8 March 2021
Dr. Fassi Kafyeke
Director Advanced Design and Strategic Technology, Bombardier Aerospace, Montreal (Past) Board Member, Compute Canada
A significant amount of Bombardier’s joint research with academia relies on numerical modelling and simulation to test new aerodynamic methods, new composite materials and other systems technologies before testing them in a factory setting. Compute Canada provides access to its infrastructure and expertise to the university researchers that make these computationally intensive tasks possible.
The aerospace manufacturing industry is one of Canada’s most R&D and export intensive industries. However, one of the defining challenges for the 21st century is understanding and reducing the global industry’s environmental impacts. This means finding ways to manufacture planes that are quieter, lighter and more fuel efficient.
As Canada’s #1 corporate research and development spender1, Bombardier has a long history of collaborating with Canadian universities. Why are these partnerships important?
Bombardier invests heavily on the applied side of R&D, but we don’t carry an army of scientists to work on earlier stage research. We rely on university experts to develop new promising technologies and then we connect them with our specialists, and once the technology has shown commercial potential, we take the research in-house. That allows us to bring the technology to a point where we can put in on an airplane.
What are the big challenges facing the aerospace industry globally?
Lessening the environmental impact of aircraft will be a big issue in the future. This involves many different research areas: advanced materials, composites and metallic alloys to make airplanes lighter; aerodynamics and configuration to reduce drag and thus fuel consumption; and advances in electrical, pneumatic, hydraulic and other aircraft systems to make them more efficient. All new technology must also be cost effective to find its way on an airplane. To really make the right technology choices we need a deep understanding of these technologies and that comes from our collaborations with universities.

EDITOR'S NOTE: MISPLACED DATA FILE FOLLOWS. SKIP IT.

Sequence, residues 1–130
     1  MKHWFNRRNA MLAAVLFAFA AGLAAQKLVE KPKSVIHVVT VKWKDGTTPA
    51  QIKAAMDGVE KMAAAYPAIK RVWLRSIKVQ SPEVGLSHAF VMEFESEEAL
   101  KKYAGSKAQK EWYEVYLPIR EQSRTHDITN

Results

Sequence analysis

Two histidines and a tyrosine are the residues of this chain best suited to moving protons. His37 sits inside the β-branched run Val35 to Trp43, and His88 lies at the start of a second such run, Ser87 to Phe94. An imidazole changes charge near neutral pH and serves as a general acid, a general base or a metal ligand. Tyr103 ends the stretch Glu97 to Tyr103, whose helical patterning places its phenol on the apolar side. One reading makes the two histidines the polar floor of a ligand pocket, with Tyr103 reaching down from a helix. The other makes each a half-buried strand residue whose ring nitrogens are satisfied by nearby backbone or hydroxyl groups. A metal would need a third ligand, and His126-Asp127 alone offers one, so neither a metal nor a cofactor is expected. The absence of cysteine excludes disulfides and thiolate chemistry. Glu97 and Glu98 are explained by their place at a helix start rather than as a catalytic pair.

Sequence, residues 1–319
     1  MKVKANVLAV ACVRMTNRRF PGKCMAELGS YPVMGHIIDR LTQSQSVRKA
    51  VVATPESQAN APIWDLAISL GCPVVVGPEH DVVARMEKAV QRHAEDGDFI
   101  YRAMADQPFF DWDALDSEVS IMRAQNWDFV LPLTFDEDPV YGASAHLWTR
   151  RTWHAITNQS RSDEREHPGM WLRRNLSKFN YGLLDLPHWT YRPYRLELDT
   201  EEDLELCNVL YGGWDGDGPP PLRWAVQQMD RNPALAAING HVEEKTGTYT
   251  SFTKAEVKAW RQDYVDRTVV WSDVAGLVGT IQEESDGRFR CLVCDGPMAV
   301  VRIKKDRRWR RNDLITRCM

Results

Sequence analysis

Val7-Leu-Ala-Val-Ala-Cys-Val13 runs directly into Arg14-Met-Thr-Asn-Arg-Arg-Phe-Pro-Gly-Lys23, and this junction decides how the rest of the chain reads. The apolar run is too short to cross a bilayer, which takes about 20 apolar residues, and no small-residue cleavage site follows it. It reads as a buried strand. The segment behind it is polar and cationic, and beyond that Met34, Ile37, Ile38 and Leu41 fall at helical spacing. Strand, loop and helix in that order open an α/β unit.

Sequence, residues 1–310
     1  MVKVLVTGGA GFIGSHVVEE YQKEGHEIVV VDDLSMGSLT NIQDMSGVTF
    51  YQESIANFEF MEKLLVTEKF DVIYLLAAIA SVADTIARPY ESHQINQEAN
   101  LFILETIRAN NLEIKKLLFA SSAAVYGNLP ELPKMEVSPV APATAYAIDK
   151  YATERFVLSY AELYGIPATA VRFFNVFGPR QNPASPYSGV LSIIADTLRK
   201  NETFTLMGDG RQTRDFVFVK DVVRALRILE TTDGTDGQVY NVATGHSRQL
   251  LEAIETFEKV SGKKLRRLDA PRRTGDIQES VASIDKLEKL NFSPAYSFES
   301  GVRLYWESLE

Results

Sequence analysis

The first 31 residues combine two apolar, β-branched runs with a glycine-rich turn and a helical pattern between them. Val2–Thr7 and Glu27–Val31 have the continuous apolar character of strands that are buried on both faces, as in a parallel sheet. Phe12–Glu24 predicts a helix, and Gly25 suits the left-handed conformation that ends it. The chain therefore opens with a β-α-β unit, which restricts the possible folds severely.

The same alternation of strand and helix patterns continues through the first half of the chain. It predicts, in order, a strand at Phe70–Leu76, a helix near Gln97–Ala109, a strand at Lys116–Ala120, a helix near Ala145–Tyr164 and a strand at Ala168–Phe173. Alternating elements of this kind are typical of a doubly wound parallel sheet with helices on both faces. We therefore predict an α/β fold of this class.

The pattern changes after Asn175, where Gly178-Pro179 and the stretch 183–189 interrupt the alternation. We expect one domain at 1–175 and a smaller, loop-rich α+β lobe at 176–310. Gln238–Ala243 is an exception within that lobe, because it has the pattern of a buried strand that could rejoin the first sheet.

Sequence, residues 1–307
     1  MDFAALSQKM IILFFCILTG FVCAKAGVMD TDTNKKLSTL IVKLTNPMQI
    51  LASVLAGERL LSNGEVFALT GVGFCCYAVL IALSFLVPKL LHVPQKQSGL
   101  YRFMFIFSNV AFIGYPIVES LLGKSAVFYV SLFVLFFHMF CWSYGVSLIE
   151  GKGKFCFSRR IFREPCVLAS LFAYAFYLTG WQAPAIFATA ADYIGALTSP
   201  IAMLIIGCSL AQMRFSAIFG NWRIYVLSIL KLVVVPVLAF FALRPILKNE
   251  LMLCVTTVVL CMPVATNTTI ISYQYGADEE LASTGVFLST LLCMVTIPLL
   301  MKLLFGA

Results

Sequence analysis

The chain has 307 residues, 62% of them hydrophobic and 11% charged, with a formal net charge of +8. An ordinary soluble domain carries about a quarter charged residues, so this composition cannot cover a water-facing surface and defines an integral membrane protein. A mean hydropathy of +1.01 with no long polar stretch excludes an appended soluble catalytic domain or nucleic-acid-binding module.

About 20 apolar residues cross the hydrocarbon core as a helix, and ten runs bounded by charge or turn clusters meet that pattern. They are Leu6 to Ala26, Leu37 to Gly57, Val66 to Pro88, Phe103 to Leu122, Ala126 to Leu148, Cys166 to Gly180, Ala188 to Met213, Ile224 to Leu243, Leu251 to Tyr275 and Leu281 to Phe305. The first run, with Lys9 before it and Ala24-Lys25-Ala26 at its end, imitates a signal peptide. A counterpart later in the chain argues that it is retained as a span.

How does Compute Canada add value to these collaborations?
We fund a variety of different projects and increasingly these are collaborative projects where engineers in our companies and engineers in universities will have to work together. That requires many projects to use the same computing architecture, if not the same computing platform and for the work we support, that will be Compute Canada. It’s in our interest to see that platform optimized.
Is the type of academic research that Bombardier supports changing?
Yes. Traditionally we’ve supported early-stage research that would be used specifically by Bombardier. In April (2014) a new national research and technology network was launched – the Consortium for Aerospace Research and Innovation in Canada (CARIC) – which will see Bombardier 1 Top 100 Corporate R&D Spenders 2012, Research Infosource Inc. and other aerospace companies collaborate with academia on more applied research, what we call Technology Readiness Level (TRL) 4+. This hasn’t really been done before, not involving this many collaborators and on a national scale. It will make access to Compute Canada’s infrastructure important not just for us, but for the entire Canadian aerospace industry.
How does having access to Compute Canada — as a national organization — make these collaborations easier?
Having a single point of contact certainly creates less work all around. In industry, you simply don’t have the time or resources to deal with every regional consortium or individual university.
How has Bombardier benefited from Compute Canada’s technical expertise?
We’re always working with universities to push new technologies, like the use of graphics processing units (GPUs) for intensive computing. These massive parallel processors (initially used in gaming and animation) provide a powerful new platform for engineers and scientists to accelerate numerical models in aerospace research. But to use these types of technologies, we need not only the university professors who are specialists in the aerospace field, we also need support from people who understand how these computers can make our models more efficient. So it’s not just the equipment, it’s also the support from Compute Canada that will make these projects a success.
How would you like to see Compute Canada’s infrastructure evolve to meet your industry’s needs?
Canada needs updated infrastructure if aerospace research in Canada is to keep up with what’s happening in other countries. The industry is facing some big challenges and it needs the expertise in universities to tackle these problems. Having access to the most advanced research computing isn’t a luxury — it’s a necessity if we want to compete globally.